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Who Are Chapter 13 Bankruptcy Debtors? (Part 2 of 2)

(Click here to read, “Who Are Chapter 13 Bankruptcy Debtors?” part 1.)

In the first post on this topic, I displayed tables from the 2016 Bankruptcy Abuse Prevention and Consumer Protection Act (BAPCPA) Report. The report contains a large amount of information, albeit with a little less detail than one would hope, that can help answer questions about who files New York bankruptcy or Brooklyn bankruptcy, and it can give us the idea of what the typical debtor is like.

The first post focused on how long a typical chapter 13 bankruptcy attorney Brooklyn NY  lasts. In this second post, I will turn to debtors’ economic circumstances, starting with Table 1D, “Assets and Liabilities Reported by Individual Debtors in Chapter 13 Cases.” As before, I’ll show information on all chapter 13 cases in the U.S., the Eastern District, and the Southern District. I’ve modified it to show the mean averages of cases with complete schedules.

Circuit and District Cases Mean Assets Mean Liabilities Mean Net Scheduled Debt (in $s)
Total With Complete Schedules Total (in $s) Real Property (in $s) Personal Property (in $s) Total (in $s) Secured Claims (in $s) Unsecured Priority Claims (in $s) Unsecured Nonpriority Claims (in $s)
TOTAL 287,556 249,483 $146,261 $108,207 $38,054 $177,138 $128,118 $4,787 $44,233 $161,370
NY, E 3,171 1,005 $437,904 $389,917 $47,987 $441,794 $388,479 $12,147 $41,168 $426,251
NY, S 1,631 1,128 $352,900 $291,053 $61,847 $404,282 $324,264 $15,811 $64,207 $380,353

The “Mean Assets” header is self-explanatory, but “Mean Liabilities” is divided into secured claims (e.g. houses or cars), unsecured priority claims (tax debts), and unsecured nonpriority claims (credit-card debt). The far-right column, mean net scheduled debt, is the average amount debtors tried to discharge.

It’s not obvious, but one way the Eastern District stands out is the percentage of debtors with complete schedules. Nationwide, the average is 87 percent, but in the Eastern District, the figure is only one-third. The Southern District comes closer to the national average. The Eastern District’s lower percentage probably corresponds to the short time interval for its chapter 13 cases. There’s likely a relationship between debtors filing incomplete chapter 13s and speedy case closures.

The reason the remaining figures for the Eastern District are in line with the national average and the Southern District is that they come from only cases in which the schedules were complete. These cases probably last longer than those I discussed in part 1 of this series, and the amount of debt scheduled is much greater than for the Southern District or the country, which speaks to the high levels of debts people in the Eastern District have. Importantly, average chapter 13 Brooklyn bankruptcy debtors stand to discharge hundreds of thousands of dollars of debt if they complete their plans.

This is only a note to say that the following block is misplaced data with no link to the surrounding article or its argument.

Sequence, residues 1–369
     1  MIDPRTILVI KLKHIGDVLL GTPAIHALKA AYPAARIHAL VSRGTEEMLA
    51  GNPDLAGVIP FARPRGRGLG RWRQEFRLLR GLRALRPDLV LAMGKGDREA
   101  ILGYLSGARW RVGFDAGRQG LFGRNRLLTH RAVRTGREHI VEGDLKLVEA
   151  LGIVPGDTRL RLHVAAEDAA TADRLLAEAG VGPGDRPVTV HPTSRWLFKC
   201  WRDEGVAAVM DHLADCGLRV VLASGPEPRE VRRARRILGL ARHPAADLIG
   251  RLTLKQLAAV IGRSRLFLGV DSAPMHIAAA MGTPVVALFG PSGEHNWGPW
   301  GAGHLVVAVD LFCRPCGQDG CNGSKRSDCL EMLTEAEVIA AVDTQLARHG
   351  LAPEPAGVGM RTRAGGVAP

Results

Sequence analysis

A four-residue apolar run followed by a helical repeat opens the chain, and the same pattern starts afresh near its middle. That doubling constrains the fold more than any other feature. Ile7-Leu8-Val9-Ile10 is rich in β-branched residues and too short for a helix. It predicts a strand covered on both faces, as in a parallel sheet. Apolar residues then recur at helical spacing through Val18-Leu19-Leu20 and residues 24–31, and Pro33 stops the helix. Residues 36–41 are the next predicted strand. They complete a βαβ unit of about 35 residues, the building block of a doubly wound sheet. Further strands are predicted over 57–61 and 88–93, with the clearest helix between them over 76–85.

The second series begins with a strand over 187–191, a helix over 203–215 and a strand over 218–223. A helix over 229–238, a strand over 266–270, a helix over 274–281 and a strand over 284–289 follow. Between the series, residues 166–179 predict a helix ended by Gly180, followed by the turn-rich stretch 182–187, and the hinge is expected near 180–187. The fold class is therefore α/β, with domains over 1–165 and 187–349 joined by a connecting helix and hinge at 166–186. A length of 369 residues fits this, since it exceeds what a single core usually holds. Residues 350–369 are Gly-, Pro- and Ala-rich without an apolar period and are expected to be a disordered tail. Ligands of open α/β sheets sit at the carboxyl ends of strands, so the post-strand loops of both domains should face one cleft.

Next is Table 2D, which is, “Income and Expenses Reported by Individual Debtors in Chapter 13.” As with the other table, I’ve changed some of the amounts to be the mean averages of all cases with completed schedules.

Circuit and District Cases Current Monthly Income Average Monthly Income Average Expenses
Total With Complete Schedules Median (in $s) Total (in $s) Median (in $s) Total (in $s) Median (in $s) Total (in $s)
TOTAL 287,556 253,788 $3,335 $4,163 $3,162 $3,915 $2,535 $2,927
NY, E 3,171 1,195 $6,418 $7,235 $5,903 $6,387 $4,525 $4,910
NY, S 1,631 1,252 $5,899 $6,710 $5,372 $5,934 $4,762 $5,760

The definitions of “current monthly income,” “average monthly income,” and, “average expenses” come from the bankruptcy forms. What’s important here is that debtors appear to earn $1,000 to $2,000 more than they spend. In my earlier posts on this topic for chapter 7, the difference between debtors’ incomes and expenditures was much closer, which makes sense given the chapter they were filing in. Here, we can see that many debtors should be able to craft repayment plans that enable them to continue on in chapter 13.

Notably, debtors in the Eastern and Southern districts have sufficiently high annual incomes that put them well above the median family income threshold that would require them to take the means test in chapter 7. It appears, then, that these debtors are probably right to file in chapter 13.

The 2016 BAPCPA Report also contains tables on the number of chapter 13 property valuation hearings and attorney or creditor misconduct charges, but the information is sparse and not too interesting. The 2016 BAPCPA Report can be found here.

From these two posts on chapter 13 bankruptcy data, we’ve learned that cases in the Southern District of New York slightly trail the national average, though debtors are richer than the national average, which is to be expected. By contrast, cases from the Eastern District tend to be much shorter, and its debtors tend not to complete all their schedules. The likely explanation is that debtors file in chapter 13 for reasons other than completing a three-to-five-year repayment plan.

Whether you see yourself in these numbers or not, if you are experiencing financial difficulties, then consulting with an experienced New York bankruptcy lawyer is the best way to strategize your options, especially if you think chapter 13 might be best for you.

For answers to more questions about bankruptcy, the automatic stay, effective strategies for dealing with foreclosure, and protecting your assets in bankruptcy please feel free to contact experienced bankruptcy attorney Brooklyn NY  Bruce Weiner for a free initial consultation.

Rosenberg, Musso & Weiner, L.L.P
26 Court St # 2211
Brooklyn, NY 11242, USA

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